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Istanbul is often described as "the crossroads of Europe and Asia"...
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The third largest, and one of the most beautiful provinces is Izmir...


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Artvin travel 

Autumn in the south Rize province on the eastern Black Sea


A Laz tradition: Hawking in Turkey’s East Black Sea region

Black Sea Cuisine, Pontos culinary and recipes

Pontic Mountains of Turkey: The Kaçkars travel tips and photos

Borçka – Şavşat, Macahel on the Georgian border

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Traditional man clothes from Trabzon

Traditional woman clothes from Trabzon


Black Sea Personality" Directly or in spirit, the Black Sea people are descendants of the wild mountain tribes that Xenophon described 2400 years ago. To be sure, they are neither wild nor at all primitive today. But one can still sense how their independent and assertive spirit made generations of imperial chroniclers and would-be dominators so wary of their manners. They are an idiosyncratic lot. The "Black Sea personality" reflects a distinct culture that is far removed from either the dour fatalism of the Anatolian interior or the easygoing style of the Mediterranean seacoast. Two aspects of the land may have shaped its traits.
First, the topography. Inaccessible valleys among trackless mountains constitutes the setting that has traditionally defined the Black Sea lifestyles. Like mountain people all over the world (one thinks specifically of the Scotsmen, the Basques or even the Swiss), their inhabitants have a highly developed sense of clan and community loyalties. They are intense and proud people, quick to respond to any perceived attack on their territory, honor or freedom-if necessary, by taking the law into their own hands. The manufacture and use of guns is a passion. The delimitation of highland meadows among villages and clans has traditionally given rise to serious hostilities that sometimes last for generations. But the same feeling of territory and honor also gives rise to an equally strong sense of hospitality. Any outsider who takes the trouble to visit these far-away valleys is automatically a guest and will be treated to the most cordial welcome. The open and friendly hospitality of the Turkish people is often cited as one of the main pleasures of traveling in Turkey. But the Black Sea region surpasses the rest of the country in this respect.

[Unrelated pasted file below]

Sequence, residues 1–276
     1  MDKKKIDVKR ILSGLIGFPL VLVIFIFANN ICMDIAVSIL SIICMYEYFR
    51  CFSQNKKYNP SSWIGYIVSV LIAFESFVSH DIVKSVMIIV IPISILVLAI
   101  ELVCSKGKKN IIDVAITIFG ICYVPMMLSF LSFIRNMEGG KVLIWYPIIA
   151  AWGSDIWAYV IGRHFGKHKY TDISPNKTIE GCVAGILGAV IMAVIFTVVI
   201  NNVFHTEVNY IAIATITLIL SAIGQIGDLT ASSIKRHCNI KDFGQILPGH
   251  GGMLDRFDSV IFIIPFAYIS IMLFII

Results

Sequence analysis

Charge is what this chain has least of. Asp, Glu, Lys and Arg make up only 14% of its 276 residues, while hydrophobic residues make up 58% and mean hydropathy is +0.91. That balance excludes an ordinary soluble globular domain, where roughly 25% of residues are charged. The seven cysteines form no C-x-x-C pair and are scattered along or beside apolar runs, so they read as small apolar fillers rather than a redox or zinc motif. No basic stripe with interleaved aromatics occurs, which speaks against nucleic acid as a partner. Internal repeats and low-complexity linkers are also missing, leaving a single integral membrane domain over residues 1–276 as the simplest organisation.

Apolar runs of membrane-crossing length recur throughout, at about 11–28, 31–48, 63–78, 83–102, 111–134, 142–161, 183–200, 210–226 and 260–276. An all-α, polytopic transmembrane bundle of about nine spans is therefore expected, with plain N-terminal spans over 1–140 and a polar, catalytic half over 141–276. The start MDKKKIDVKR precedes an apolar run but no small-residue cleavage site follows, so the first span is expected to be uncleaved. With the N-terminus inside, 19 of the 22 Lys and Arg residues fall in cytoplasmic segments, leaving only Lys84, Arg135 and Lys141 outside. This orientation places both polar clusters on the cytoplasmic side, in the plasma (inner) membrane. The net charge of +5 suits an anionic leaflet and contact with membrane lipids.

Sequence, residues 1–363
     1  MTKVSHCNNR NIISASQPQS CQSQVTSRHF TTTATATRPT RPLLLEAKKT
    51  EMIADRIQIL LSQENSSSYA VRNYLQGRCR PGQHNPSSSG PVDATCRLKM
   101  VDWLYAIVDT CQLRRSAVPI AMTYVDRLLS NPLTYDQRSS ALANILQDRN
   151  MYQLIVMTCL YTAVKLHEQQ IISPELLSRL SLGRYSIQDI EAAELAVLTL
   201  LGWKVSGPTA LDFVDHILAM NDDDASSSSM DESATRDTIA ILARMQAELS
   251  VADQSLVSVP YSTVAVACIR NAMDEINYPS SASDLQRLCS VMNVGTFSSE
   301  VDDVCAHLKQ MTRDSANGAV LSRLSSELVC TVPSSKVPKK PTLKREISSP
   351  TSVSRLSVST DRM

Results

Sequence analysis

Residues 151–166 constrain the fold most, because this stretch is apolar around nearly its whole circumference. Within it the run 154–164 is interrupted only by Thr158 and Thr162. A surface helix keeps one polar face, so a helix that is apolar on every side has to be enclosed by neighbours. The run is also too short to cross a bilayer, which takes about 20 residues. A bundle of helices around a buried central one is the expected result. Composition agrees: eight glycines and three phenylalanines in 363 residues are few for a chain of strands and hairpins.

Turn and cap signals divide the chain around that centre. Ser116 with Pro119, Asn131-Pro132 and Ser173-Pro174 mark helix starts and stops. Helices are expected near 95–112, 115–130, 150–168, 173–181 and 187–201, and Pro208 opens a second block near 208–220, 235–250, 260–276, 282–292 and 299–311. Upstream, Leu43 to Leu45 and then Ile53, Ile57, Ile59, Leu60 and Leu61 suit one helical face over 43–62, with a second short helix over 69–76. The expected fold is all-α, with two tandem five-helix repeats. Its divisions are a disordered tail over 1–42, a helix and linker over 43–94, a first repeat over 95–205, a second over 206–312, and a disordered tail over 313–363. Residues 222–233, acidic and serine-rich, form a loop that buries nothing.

Second: The land may be wild but it is also prodigiously fertile. Unlike the interior highlands where culture has been shaped by centuries of grinding poverty, the Black Sea man tends to be merry, extroverted and colorful. People enjoy having fun to a degree that the more conservative parts of the country would consider scandalous. Their music is fast and boisterous, its lyrics often risque, its rhythms utterly unlike the melancholy strains of most Turkish music. Alcohol is consumed with gusto. Wit and a certain panache are appreciated, and eccentricity tolerated as a character trait. Telling tall tales is a regional specialty. These characteristics grow more accentuated as one moves eastward. At the eastern end one encounters an extraordinary quota of idiosyncratic individuals, with the unmistakable glint in the eyes and self-deprecating wit that are the Laz hallmarks.

pontus people anatol'an turks laz greeks
The combination of intensity, wits and a good measure of clan solidarity seems to ensure business success. Spreading around the country, Black Sea people have earned a reputation (or notoriety) for gaining control of crucial businesses everywhere. Much of Turkey's real estate and construction industry is owned by people from
Trabzon and Rize. Most shipowners and seamen also come from there. The bread industry belongs to people from Of while (Çamlihemşin has a near-monopoly on pastryshops. The quirkiest financial genius of modern Turkey, thrice-bankrupted billionnaire Cevher Ozden, alias Kastelli, hails from Surmene. The country's biggest export trader of recent years, Hasbi Menteşoglu, is an elementary school dropout from (Çarşamba.
Politics is another field of prominence.
Three major political parties have seen their
Istanbul chapters led by men from Rize and (Çayeli in the last decade. A sin¬gle village in Sürmene boasts two major politicians and two top public servants while Of has produced two party general secretaries.
Predictably the Black Sea man, or the "Laz" as he is called with a mixture of affection and sneer, has become a stock figure of the Turkish social typology, The stereotypical Laz is called either Temel or Dursun. He sports a majestic nose and speaks Turkish with an outrageous accent. His diet consists of hamsi (Black Sea